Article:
The Alarm’s career was born out of hanging around record shops and educating ourselves through other peoples music and the ideas that were being expressed through 7-inch singles and Lp’s. At the time that was all there was and it was all vinyl. As our career developed in the eighties and we started to have some success through appearing on Top of the Pops or American Bandstand and MTV, I think music became very corporate. The only bands that could be featured in record shops were the ones that had a record label behind them that could buy the rack. And all of a sudden the power that the guy behind the counter had was diminished because he was forced to only put records in the window that was the produce of the major record labels who were taking over the promotion in the stores. It became less personal, and I think Record Store Day has empowered those aficionados who actually love music. There’s that saying about the Velvet Underground – that they only sold a thousand albums but every single person who bought the album started a band, and I think its that commitment to those guys behind the counter. One thing I missed when record stores became big chains and all the indies started to disappear was you couldn’t walk in and say “hey have you heard this record?” I think Record Store Day has really given back a lot of the power and love of music to the people who understand it and know how to communicate it.
Can you remember the first record you bought that meant a lot to you?
M.Peters: Yeah, the first album I ever bought was Alladin Sane by David Bowie. I remember seeing Bowie on Top of the Pops. The first record I ever went to buy was Slade Alive. And when I got into the record shop, and I looked at the cover and read the tracklisting on the back it had Born to be Wild with Mars Bonfire after it in brackets, and I thought “I don’t want it I only want songs with Slade.” I didn’t realize that the credits featured the songwriters, not the artists and I thought it was another person appearing on the record. (laughs) So when I looked at the Bowie album, I thought “ill have that instead.” and never looked back.
When you were writing songs for singles did you consider b sides to be important?
M.Peters: The Punk era set me running with the Sex Pistols and The Clash and all the bands at that time as well as the Beatles. Their singles went on the albums, and often it was the b sides that stayed with me longer than the singles because the singles tend to get overplayed. For example, I loved Strange Town by the Jam, but over time the b side which was the Butterfly Collector has stayed with me a lot longer as a song. When we started The Alarm, we were immersed in that culture, and we wanted our fans to have amazing tracks on the b side, and we have never stopped aspiring to that. Even the EP that’s coming out on Record Store Day has got eight tracks on it, and only two of them are on our forthcoming album, and the other six are acoustic tracks and brand new songs recorded especially. There is a track called Year One which is the longest song we’ve got in the Alarm’s history. I had these massive lyrics, and we committed them to music – I think that will be a unique track for our fans that they will only get when they buy that EP. There is a broad well of information in that song for the fans to discover. I will be carrying an inner sleeve that has the lyrics for that particular song spread all over it, so for the fans will only get that by interacting with me on Record Store Day or by entering into the t-shirt ‘Wear and Share’ campaign.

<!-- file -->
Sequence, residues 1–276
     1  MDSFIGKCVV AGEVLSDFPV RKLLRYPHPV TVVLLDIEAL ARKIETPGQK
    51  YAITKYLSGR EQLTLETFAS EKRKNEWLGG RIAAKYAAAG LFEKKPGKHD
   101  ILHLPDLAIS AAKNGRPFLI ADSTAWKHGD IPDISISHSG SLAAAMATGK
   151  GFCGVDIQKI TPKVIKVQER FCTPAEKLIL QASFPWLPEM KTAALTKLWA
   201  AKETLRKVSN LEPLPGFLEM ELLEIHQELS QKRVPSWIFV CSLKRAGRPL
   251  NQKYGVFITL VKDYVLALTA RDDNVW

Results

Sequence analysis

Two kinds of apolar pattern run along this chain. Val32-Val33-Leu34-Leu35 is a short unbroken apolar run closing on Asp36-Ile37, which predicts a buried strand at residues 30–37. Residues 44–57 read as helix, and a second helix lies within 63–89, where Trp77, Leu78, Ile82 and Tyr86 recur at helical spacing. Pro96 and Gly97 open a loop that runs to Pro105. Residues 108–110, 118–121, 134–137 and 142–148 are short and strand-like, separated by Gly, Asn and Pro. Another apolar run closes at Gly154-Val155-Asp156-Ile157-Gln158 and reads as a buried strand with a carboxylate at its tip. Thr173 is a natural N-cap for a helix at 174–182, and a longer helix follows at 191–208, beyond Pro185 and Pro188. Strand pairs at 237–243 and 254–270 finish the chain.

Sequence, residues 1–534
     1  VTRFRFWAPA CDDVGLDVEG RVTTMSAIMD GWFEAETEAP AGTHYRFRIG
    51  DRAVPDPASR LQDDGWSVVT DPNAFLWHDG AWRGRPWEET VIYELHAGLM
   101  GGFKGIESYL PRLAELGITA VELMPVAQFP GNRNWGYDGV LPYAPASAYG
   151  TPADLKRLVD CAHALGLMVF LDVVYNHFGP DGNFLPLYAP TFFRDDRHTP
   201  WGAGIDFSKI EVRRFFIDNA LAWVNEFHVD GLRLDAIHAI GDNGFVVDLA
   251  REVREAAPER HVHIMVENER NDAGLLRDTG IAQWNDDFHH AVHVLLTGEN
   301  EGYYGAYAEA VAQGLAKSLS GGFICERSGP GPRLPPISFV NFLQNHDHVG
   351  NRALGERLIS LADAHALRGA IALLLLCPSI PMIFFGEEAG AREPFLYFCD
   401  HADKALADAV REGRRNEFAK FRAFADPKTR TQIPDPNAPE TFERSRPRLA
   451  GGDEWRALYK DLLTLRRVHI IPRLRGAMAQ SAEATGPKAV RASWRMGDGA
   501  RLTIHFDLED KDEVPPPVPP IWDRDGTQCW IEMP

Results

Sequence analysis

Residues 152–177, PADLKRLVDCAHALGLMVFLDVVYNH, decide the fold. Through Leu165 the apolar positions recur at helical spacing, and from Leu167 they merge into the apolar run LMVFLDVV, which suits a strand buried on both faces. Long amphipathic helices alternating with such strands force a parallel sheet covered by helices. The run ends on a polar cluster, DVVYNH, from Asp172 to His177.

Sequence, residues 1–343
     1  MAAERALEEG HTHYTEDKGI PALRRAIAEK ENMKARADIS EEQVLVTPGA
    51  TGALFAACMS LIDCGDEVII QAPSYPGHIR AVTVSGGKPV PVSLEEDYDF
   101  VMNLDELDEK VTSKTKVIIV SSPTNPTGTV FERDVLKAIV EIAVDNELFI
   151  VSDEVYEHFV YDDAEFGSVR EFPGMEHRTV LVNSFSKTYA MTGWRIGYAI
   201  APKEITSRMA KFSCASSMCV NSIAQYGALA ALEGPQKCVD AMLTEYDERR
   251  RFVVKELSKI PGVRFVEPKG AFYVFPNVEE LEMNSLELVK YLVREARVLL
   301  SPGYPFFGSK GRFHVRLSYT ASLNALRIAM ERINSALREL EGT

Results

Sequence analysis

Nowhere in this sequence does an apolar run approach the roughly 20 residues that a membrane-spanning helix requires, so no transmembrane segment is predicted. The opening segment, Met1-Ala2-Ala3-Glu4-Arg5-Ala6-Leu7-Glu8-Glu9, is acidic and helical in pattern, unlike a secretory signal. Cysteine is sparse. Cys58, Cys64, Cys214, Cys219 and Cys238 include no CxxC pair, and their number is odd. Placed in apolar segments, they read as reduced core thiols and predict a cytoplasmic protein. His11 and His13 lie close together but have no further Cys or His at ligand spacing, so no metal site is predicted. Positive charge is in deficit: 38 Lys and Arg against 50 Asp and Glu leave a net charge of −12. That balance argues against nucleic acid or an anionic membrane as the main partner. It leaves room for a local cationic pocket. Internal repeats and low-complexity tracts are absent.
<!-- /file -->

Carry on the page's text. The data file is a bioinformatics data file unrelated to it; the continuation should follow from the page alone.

The digital age benefits bands which are dedicated to keeping a line of communication open with their fans. You can do a lot more with your audience now than you ever could because now you can speak directly to your fans. In the eighties the only way could let people know about a tour was to go through a third party which was often NME, Sounds or Melody Maker and they often would put a comment in of their own that didn’t sit with your relationship with your fans. I think its a real benefit for artists like myself who want to have a connection with their audience.
I’ve been playing since 1981 as The Alarm, and I can’t help to have a relationship with the fans. When I’ve had to face Cancer in my life and couldn’t tour, we created a scenario where fans could get on the train, planes and their cars and come to me instead. We have got a very one on one relationship with our audience and its probably the most critical factor we’ve had as a band because when we get our audience together at the weekends at the ‘Gathering’ in North Wales – we talk and we have Q and A’s and we find out what sits with our audience musically and what doesn’t. Its what has kept us relevant in their lives and has been a real source of lifeblood for us.
The EP features Billy Duffy (of The Cult). How did he get involved?